Tens of thousands of Indigenous Voice to Parliament supporters marched in Sydney yesterday in one of the biggest rallies seen in the city in recent years.
Ahead of the October 14 referendum the Walk for ‘Yes’ made a clear statement about the commitment of many Sydneysiders, despite lacklustre recent polling.
Before the march, Redfern train station teemed with people – with a diverse crowd, spanning different ages and backgrounds, sporting a colourful array of Yes-themed attire.
Estimates from the Yes23 campaign suggested about 30,000 attended, although a NSW Police spokesperson offered a more conservative estimate, citing around 12,000 to 15,000 people.
The enthusiastic crowd marched from Redfern Park along Chalmers and Cleveland streets to Victoria Park near Broadway, with many clapping and chanting “Yes,” as they waved signs in the air. In a harmonious display of unity, some attendees even sang You’re the Voice, the anthem music legend John Farnham has lent to the Yes campaign.
In scorching heat, volunteers distributed sunscreen and water, as temperatures exceeded a sweltering 30 degrees, and the first-aid tent at Victoria Park dealt with a number of heat stroke cases.
Marchers found some respite in the shade of the park as they watched performances by Dan Sultan and Missy Higgins, while stallholders were soon running short of an array of Yes merchandise, including T-shirts, hats and badges.
Thousands gathered in Sydney’s Redfern Park also heard from campaigners and politicians, including Yes23 spokesperson Rachel Perkins, who advocated for a united Australia in preparation for the upcoming vote.
Indigenous leaders, including Tribal Warrior chief executive Shane Phillips, expressed hope for a positive outcome in the referendum, saying: “I hope and pray that not just in my lifetime but in my grandchildren’s lifetime, this vote for ‘yes’ happens.
“Today, I see Australians coming together, embracing a simple yet profound idea—belonging together.”
Don’t ask what us Aboriginal people do for you, recognise what we have done for the last 60,000 years.
In a moment of spontaneity, the crowd sang happy birthday to New South Wales Premier Chris Minns as he took the stage.
The Premier emphasised the importance of the yes campaign, challenging those who persistently oppose the campaign, and asking: “If not this, then what? If not now, then when?”
“We’ve waited a long time, and there’s never been a better opportunity to take a giant leap forward in reconciliation in this country,” he continued.
“We have three weeks to go, and it won’t be easy, but we must make the case for yes.”
The event also saw representatives from diverse political parties speaking in support of the Yes campaign. Labor federal MP Tanya Plibersek said: “Australians are fair and egalitarian people who love justice and each other.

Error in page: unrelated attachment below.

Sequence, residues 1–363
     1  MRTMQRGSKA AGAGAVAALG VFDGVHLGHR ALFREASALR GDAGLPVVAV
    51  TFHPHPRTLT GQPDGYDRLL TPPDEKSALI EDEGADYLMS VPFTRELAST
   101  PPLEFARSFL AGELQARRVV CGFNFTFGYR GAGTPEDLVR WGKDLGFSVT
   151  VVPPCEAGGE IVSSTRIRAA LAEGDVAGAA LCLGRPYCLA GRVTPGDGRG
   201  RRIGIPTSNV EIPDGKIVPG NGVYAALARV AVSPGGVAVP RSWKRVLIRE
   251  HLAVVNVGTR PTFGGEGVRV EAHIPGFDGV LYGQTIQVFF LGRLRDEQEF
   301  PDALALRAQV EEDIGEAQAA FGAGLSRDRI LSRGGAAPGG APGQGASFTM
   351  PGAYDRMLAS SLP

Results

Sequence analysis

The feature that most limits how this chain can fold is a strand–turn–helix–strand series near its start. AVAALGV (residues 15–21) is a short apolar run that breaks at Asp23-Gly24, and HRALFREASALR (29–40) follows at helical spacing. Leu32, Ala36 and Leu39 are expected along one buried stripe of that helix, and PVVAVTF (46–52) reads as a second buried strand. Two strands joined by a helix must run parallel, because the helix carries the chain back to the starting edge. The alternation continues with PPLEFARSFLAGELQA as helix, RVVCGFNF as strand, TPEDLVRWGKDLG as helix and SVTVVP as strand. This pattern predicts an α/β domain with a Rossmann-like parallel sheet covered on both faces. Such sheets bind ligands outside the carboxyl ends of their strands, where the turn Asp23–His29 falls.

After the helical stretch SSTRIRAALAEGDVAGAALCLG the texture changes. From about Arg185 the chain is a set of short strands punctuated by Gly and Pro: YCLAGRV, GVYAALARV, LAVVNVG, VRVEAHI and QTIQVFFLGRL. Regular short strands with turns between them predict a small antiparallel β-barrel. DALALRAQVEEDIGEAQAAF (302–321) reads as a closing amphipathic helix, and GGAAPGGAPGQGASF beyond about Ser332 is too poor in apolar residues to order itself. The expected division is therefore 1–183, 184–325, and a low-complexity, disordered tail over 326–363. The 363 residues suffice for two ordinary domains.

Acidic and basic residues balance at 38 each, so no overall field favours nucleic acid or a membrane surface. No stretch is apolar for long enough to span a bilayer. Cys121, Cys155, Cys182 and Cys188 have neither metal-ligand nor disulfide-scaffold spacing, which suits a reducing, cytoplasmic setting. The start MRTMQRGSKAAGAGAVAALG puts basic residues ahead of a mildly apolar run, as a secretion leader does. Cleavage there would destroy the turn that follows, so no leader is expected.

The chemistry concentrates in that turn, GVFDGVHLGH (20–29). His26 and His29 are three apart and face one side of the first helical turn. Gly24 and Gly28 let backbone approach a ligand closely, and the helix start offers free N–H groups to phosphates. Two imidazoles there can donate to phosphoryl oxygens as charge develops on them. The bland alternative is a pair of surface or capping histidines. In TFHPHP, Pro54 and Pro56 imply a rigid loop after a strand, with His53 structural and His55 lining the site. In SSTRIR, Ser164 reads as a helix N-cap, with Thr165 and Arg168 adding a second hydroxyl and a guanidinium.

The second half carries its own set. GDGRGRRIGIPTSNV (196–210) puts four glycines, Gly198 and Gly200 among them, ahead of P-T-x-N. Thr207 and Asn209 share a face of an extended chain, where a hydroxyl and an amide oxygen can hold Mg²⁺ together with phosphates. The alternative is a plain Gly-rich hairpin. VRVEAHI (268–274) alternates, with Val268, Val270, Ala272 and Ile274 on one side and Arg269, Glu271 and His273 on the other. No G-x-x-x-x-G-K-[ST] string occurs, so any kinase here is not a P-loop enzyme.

“Let’s demonstrate that love and decency to the world on October 14 by voting ‘yes’.”
Jacqui Munro, a NSW Liberal parliamentarian and the youngest Liberal woman elected to the NSW upper house, reassured Liberal voters, that the Voice aligns with Liberal values. She urged voters to say ‘yes’, adding: “No one person owns this referendum, but we all share responsibility.
“By voting ‘yes,’ we commit to reducing the layers of bureaucracy and sharing power outside the traditional halls, reaching some of our most marginalised communities.”
City of Sydney Lord Mayor Clover Moore told the crowd: “It provides all Australians with the long-overdue opportunity to correct the wrongs of the past 200 years and acknowledge the story and ongoing relationship of First Nations people with this land.
“I believe it is our moral duty to vote ‘yes’ on the 14th of October.”
Walk for Yes events drew similar crowds in Melbourne, Brisbane, Perth, Hobart, Canberra, Newcastle, and Darwin on Sunday, with an earlier event in Adelaide on Saturday. An estimated 200,000 people turned out nationally on the day to support the Yes campaign, with many smaller events being well attended in regional towns.
The support for the cause also extended beyond Australia’s borders to New York, reflecting the global resonance of the Indigenous Voice to Parliament initiative.
The latest Essential poll for the Voice referendum hinted at tough times ahead for Yes campaigners – with results showing support across all demographics still in decline.
Many marchers, however, dismissed the poor polling and told Central News they believed it would still be won.
Aunty Shirley Lomas, a Gomeroi woman and survivor of the Stolen Generations, was last to take the stage and, her words were a poignant reflection on the significance of the referendum.
Invoking the memory of President John F. Kennedy, she left the crowd with a powerful reminder: “Don’t ask what us Aboriginal people do for you, recognise what we have done for the last 60 000 years.”
Photos by Christine Lee.